Telangectasias are commonly called “spider veins.” They are abnormal blood vessels—tangled and floppy, like a bundle of old stretched out socks. They can form with long-term exposure to UV rays. There are other common reasons why you might get telangectasias—like pregnancy, alcohol use, or rosacea. Rarely, telangectasias can be a marker for a more serious illness, like CREST syndrome or lupus.

6. Varicose veins

Skin lesion chart with varicose veins
Varicose veins are abnormally widened veins, usually found in the legs. Your blood pressure is higher in your legs, which stretches out the thin-walled veins, causing these gnarled, enlarged, and not very pretty varicosities. They are not dangerous per se, but varicose veins are associated with a higher risk of deep vein thrombosis (DVT), which is dangerous.

7. Warts

Skin lesion chart with warts
Warts are caused by a viral infection (Human Papilloma Virus, or HPV) that results in an overgrowth of skin cells, and a bumpy/rough appearance. They are exceedingly common, and not very dangerous. They can be confused with seborrheic keratosis.

8. Common moles

Skin lesion chart with moles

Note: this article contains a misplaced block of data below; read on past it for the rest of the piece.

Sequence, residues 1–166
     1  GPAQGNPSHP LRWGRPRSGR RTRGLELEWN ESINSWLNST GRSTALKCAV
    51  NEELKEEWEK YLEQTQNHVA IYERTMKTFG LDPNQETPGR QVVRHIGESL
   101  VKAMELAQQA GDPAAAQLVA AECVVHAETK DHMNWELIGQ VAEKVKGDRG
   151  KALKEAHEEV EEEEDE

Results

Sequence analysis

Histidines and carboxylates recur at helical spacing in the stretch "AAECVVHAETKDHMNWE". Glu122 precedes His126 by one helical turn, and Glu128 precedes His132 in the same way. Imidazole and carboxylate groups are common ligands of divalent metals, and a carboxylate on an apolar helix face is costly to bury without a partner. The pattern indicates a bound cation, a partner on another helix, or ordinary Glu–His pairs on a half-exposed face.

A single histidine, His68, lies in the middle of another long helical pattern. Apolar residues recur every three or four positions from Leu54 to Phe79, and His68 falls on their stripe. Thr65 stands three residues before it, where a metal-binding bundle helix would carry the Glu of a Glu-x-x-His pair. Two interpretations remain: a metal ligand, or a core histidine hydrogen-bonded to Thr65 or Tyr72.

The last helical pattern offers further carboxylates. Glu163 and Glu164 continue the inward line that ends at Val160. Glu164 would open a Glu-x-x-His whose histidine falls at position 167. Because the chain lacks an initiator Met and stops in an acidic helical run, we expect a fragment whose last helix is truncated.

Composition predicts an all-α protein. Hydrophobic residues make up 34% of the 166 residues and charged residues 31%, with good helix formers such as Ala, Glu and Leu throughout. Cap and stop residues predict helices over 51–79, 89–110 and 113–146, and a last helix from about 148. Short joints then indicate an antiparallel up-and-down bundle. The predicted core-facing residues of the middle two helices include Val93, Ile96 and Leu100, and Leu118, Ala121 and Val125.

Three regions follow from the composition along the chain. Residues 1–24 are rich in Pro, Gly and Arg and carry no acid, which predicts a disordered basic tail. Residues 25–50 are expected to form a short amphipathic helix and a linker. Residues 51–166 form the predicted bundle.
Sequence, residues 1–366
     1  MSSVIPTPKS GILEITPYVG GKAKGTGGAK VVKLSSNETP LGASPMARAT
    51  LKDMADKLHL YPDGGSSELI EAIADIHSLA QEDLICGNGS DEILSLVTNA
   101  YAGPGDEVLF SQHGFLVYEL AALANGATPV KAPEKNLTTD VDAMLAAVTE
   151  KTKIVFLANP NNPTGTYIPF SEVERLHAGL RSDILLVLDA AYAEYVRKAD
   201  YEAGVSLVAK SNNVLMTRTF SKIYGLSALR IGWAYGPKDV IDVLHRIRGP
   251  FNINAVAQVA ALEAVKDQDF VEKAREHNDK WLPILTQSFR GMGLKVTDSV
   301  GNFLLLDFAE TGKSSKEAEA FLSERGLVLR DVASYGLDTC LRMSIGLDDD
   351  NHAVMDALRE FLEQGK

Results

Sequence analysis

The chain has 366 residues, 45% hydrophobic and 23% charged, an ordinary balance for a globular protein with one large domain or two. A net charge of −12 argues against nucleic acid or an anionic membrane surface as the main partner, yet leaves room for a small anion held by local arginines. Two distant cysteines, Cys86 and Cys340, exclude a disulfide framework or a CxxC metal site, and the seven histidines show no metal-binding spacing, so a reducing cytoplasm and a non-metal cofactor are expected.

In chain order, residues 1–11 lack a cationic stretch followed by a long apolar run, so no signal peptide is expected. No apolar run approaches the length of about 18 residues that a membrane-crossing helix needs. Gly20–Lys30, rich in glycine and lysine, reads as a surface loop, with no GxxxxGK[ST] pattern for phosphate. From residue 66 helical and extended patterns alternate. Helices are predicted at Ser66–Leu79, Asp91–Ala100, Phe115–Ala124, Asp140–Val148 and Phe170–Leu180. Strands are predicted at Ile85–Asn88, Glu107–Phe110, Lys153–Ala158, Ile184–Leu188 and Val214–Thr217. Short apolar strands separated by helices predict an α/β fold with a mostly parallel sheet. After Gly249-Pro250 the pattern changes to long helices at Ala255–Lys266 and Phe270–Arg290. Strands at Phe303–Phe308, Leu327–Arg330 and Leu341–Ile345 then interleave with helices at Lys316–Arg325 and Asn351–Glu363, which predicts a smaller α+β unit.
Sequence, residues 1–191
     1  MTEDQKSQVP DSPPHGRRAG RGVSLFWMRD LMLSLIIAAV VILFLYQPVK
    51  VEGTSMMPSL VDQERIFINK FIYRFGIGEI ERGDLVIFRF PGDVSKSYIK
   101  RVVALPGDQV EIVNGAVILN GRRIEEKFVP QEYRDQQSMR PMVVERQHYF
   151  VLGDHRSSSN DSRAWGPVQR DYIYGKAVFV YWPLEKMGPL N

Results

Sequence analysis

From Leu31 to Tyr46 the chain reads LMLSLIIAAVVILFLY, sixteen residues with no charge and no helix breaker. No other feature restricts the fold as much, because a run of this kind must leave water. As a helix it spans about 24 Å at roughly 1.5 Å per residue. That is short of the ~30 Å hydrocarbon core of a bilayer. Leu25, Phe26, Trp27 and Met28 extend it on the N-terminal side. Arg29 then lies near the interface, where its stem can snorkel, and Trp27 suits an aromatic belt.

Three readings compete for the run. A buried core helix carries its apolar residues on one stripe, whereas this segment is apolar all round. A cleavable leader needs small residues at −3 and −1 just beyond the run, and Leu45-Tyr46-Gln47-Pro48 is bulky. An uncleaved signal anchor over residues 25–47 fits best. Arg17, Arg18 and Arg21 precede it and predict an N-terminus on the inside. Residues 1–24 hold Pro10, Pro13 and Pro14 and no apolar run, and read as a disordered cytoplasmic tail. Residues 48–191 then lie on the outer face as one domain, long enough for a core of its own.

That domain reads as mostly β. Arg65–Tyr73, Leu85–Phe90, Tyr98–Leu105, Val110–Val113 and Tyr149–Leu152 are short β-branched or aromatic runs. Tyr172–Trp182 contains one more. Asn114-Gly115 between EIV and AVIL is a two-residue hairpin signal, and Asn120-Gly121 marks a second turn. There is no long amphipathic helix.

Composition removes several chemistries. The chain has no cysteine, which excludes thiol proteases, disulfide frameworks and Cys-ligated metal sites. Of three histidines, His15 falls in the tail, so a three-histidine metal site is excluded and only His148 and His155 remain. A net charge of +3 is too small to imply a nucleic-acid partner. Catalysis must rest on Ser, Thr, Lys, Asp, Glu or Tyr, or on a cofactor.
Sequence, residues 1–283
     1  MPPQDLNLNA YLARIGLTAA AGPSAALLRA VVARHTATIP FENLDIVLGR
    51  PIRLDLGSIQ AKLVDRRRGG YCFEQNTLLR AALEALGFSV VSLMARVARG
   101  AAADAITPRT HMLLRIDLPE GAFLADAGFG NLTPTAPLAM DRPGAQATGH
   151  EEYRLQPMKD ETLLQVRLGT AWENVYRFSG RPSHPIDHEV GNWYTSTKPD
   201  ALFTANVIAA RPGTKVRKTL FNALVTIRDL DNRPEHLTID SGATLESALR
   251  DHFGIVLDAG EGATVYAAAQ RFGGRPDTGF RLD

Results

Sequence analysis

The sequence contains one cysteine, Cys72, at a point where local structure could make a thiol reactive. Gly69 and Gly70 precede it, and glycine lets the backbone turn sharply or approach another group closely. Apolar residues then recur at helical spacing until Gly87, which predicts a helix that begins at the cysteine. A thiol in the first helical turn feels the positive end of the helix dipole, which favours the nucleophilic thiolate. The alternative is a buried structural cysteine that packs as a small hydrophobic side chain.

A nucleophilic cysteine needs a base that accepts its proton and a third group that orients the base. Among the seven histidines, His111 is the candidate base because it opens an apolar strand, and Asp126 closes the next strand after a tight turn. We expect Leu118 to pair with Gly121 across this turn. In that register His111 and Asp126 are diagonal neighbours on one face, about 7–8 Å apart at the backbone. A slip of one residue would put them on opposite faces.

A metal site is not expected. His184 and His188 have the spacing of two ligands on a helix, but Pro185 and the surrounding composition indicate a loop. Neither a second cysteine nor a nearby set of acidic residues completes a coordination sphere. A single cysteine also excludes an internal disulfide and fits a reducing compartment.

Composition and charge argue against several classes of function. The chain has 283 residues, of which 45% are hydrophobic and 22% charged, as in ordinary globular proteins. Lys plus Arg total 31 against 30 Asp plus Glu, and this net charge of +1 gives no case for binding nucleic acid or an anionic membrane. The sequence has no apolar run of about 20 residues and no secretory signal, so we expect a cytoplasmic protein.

Common moles are areas of skin with clusters of melanocytes. They are usually found on sun-exposed areas of skin. Most moles are smaller than 5mm or a 1/4 inch, with a smooth surface, a sharp border, and an even color. Moles are generally not dangerous, although they can very rarely turn into melanoma. However, having over 50 moles means you are at higher risk for developing melanoma.

9. Seborrheic keratosis

Skin lesion chart with seborrheic keratosis
Seborrheic keratoses are waxy bumpy growths can grow out of solar lentigo, or just show up unannounced. They are dark and have a rough texture, and look a bit like a raisin stuck on to the skin. They’re not dangerous, but they don’t look very nice. SKs tend to appear in your 50s and 60s, and can even show up in areas that don’t get much sun exposure.

10. Solar lentigo

Skin lesion chart with solar lentigo
Solar lentigo or age spots, appear on sun-exposed skin. They contain a high number of melanin cells. Solar lentigo can be the precursor of a benign growth called seborrheic keratosis. Solar lentigo can be difficult to distinguish from pre-cancerous growths or melanoma. So if you develop a new, dark spot on your skin, more than a few millimeters in size, you should see your doctor.

11. Dysplastic nevus

Skin lesion chart with dysplastic nevus